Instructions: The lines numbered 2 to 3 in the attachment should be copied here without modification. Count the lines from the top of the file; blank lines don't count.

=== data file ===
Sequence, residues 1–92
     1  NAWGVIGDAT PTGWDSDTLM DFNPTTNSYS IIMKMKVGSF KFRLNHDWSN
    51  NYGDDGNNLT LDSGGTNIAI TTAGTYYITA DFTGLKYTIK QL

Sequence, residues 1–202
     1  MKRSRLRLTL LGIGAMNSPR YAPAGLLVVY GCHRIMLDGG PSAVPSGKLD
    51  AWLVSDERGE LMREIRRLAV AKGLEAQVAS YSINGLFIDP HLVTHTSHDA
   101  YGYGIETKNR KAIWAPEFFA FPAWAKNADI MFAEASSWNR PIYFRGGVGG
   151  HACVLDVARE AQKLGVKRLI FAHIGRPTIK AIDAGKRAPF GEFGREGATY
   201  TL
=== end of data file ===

     1  NAWGVIGDAT PTGWDSDTLM DFNPTTNSYS IIMKMKVGSF KFRLNHDWSN
    51  NYGDDGNNLT LDSGGTNIAI TTAGTYYITA DFTGLKYTIK QL